Visiting the World of Vikings

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An ad taking up an entire page in the daily newspaper with the proud image of the Viking ship The Icelander caught my eye on our National Day, June 17.

The Icelander is the exact replica of the Viking ship Gokstad from 870 AD. In 2000, The Icelander sailed to New York to commemorate Leifur Eirkíksson's discovery of America one millennium earlier.

The ad in the paper announced the opening of the Víkingaheimar (Viking World) museum in Njardvík, a town on Reykjanes peninsula near Keflavík International Airport.

Who doesn’t like Viking legends (and I’m not talking about drunk Scandinavian tourists in the Viking pub in Hafnarfjördur)? I'll never forget Kirk Douglas's Viking funeral in The Vikings from 1958 where the floating vessel was set on fire by flaming arrows.

This perhaps explains why I took a one-and-a-half-hour walk from the bus station at the Duus House in the neighboring town Keflavík to Njardvík to visit Víkingaheimar with a stroller in the pedestrian-unfriendly (as I discovered) Reykjanesbaer municipality on a day where the municipality’s buses don’t run (although it was possible to take the bus from Reykjavík to Keflavík as usual).

I don't recommend repeating my mistake of taking a walking one way and taking a taxi back. Fortunately, whenever there isn’t a national holiday, buses do go to Víkingaheimar from Keflavík and you can ride the Reykjanesbaer buses for free.

Arriving from Reykjavík, just before you reach the former US military base, you see a giant Viking sword stuck in the middle of a roundabout, which is your sign where to stop. The street which leads to the museum is called Víkingabraut ("The Viking's Road"), fancy that.

It's easy to spot the place from afar because the museum's glass building permits the famous ship to be visible from outside. Located so close to the ocean, the ship seems to blend in with the waves behind it, smart design!

Luckily, the weather wasn’t rainy so I could appreciate the whole length of the townscape, including some swans and ducks in the proximity of my destination. Doubtless, Njardarvík is a fabulous location with its vast fields, for such a project.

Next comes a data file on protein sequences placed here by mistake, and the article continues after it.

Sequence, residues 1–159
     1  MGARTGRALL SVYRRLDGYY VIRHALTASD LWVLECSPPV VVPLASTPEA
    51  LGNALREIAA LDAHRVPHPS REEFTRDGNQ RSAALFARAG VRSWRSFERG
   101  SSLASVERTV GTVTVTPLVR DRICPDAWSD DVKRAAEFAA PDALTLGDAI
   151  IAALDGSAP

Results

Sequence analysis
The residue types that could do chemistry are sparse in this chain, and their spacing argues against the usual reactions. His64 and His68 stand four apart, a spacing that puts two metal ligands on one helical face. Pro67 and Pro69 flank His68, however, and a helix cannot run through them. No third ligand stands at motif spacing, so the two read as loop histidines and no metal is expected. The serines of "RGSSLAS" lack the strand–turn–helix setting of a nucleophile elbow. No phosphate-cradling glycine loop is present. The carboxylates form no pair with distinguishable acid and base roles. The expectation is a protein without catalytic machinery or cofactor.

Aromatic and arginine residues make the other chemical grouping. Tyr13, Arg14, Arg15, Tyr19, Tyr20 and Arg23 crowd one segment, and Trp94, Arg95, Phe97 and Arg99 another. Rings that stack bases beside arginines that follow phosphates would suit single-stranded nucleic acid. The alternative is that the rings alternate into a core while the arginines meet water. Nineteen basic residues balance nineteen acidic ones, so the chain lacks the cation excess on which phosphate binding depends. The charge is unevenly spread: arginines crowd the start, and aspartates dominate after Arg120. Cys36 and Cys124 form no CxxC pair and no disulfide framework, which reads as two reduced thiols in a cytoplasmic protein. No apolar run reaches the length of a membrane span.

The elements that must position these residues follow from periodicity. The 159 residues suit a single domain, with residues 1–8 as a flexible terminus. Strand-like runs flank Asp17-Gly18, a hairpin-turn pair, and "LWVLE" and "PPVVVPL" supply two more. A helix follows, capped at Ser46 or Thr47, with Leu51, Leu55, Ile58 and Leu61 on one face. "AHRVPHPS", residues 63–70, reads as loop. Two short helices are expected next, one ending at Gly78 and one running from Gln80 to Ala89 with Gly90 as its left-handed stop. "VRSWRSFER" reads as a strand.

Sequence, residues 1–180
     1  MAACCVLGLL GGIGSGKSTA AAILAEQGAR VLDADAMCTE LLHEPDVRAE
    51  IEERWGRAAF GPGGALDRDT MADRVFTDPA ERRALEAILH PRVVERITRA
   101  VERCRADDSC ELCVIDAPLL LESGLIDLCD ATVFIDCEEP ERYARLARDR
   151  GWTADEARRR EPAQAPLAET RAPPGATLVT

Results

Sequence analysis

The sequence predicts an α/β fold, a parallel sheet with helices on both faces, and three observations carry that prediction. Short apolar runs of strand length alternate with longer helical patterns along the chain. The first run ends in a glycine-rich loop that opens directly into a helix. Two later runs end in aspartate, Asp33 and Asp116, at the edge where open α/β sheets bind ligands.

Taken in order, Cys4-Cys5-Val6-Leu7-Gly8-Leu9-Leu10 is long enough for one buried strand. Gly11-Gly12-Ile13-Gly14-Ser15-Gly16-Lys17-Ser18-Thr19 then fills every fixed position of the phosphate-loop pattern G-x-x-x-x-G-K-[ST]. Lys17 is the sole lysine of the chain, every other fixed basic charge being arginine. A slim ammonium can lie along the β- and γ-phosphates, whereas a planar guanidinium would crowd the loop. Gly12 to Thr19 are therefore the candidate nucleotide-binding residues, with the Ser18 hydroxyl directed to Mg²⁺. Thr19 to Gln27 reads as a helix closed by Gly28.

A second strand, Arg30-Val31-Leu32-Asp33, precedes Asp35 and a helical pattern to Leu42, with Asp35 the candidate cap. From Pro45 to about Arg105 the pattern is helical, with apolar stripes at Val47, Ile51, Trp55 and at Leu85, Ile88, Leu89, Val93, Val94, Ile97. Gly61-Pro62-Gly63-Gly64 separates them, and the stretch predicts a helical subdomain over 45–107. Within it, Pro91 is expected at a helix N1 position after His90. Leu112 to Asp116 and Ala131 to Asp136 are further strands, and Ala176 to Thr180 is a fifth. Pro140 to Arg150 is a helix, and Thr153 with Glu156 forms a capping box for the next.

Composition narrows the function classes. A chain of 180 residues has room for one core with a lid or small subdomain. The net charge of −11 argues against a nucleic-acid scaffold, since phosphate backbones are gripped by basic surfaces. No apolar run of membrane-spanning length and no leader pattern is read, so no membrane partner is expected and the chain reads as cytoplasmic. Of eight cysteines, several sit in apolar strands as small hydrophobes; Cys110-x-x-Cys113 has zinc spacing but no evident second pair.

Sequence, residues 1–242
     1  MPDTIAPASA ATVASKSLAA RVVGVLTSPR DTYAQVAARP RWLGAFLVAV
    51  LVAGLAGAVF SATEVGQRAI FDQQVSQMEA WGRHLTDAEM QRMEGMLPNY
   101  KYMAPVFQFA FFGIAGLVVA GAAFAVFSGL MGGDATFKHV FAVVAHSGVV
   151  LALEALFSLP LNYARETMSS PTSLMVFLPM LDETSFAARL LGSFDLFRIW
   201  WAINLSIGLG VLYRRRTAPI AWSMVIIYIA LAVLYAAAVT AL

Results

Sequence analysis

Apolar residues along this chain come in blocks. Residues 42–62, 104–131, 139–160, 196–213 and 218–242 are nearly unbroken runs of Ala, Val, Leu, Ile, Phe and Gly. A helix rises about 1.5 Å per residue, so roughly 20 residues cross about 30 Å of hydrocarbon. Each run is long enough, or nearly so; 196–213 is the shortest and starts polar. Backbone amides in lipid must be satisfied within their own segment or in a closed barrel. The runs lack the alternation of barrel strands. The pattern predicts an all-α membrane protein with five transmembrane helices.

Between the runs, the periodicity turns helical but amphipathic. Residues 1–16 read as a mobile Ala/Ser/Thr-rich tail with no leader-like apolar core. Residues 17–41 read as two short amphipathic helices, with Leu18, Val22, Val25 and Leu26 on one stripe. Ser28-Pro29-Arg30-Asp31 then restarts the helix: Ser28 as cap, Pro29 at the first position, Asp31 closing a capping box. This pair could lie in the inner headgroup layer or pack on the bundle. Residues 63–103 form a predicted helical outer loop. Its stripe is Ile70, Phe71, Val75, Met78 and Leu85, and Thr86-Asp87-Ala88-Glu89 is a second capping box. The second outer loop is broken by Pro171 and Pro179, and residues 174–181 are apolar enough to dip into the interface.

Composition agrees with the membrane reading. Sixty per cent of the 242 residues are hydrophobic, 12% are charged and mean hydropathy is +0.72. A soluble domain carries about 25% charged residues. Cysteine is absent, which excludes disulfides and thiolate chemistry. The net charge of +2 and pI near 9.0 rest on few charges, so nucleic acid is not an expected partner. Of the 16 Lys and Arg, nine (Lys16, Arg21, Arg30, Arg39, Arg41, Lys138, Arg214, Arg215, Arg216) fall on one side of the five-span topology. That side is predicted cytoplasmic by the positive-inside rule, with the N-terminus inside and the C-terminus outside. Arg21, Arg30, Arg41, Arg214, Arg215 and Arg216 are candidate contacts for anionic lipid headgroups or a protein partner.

When finally I got there at 6 pm, just few minutes before closing, the opening party was almost over. Yet, it was enough time to get inside the ship, take photos and walk around the small two-floor exhibit, which is a donation from the Smithsonian Institution.

I overheard the reception manager boast about the great interest tourists have in the museum and so many groups having booked a tour of it that the staff is wondering whether to work during Christmas to cope with demand.

Honestly, I was a bit disappointed to hear that the Viking village in the surrounding area has not been constructed yet but is only a plan for the near future.

Fortunately, there was one Viking blacksmith still hanging around in front of an empty tent, so I could take a photo of him for this article. I was seriously wondering, though, whether this exhibition was any different from the one I've already seen before at The Viking Ship Museum in Oslo. 

I went to the webpage of The Icelander's expedition and the webpage of Víkingaheimar to find out. There I read the captivating story of the man whose vision made all of this happen, captain and shipwright Gunar Marel Eggertsson.

Coming from a family of shipbuilders in the Westman Islands, Eggertsson claims to be a direct descendant of Leifur Eiríksson. His grandfather’s admiration for the Viking shipbuilder's excellence inspired his dream for a transatlantic voyage at the early age of ten, which he continued to pursue, working on fishing boats at 14, then becoming a shipbuilder at 25.

Later, by taking the position of second-in-command on the Norwegian Viking ship Gaia in 1991, Eggertsson was able to single-handedly build The Icelander between 1994 and 1996.

Eggertsson used the drawings of Gokstad from the Viking Ship Museum in Oslo for the construction of his ship. Through a detailed on-site observation of the excavated ship, Eggertsson was able to make The Icelander a more exact copy of the ancient Viking ship than Gaia.

This information changed my whole perception of Víkingaheimar. It was no longer about Vikings, but a Museum of Fulfilled Dreams, which celebrates the persistence of a man who is truly in love with ships.

Kremena Nikolova-Fontaine – kremenan@gmail.com 

Kremena is filling in for Alana Odegard.

 

Views expressed here are the author's own and do not necessarily reflect the opinions of Iceland Review.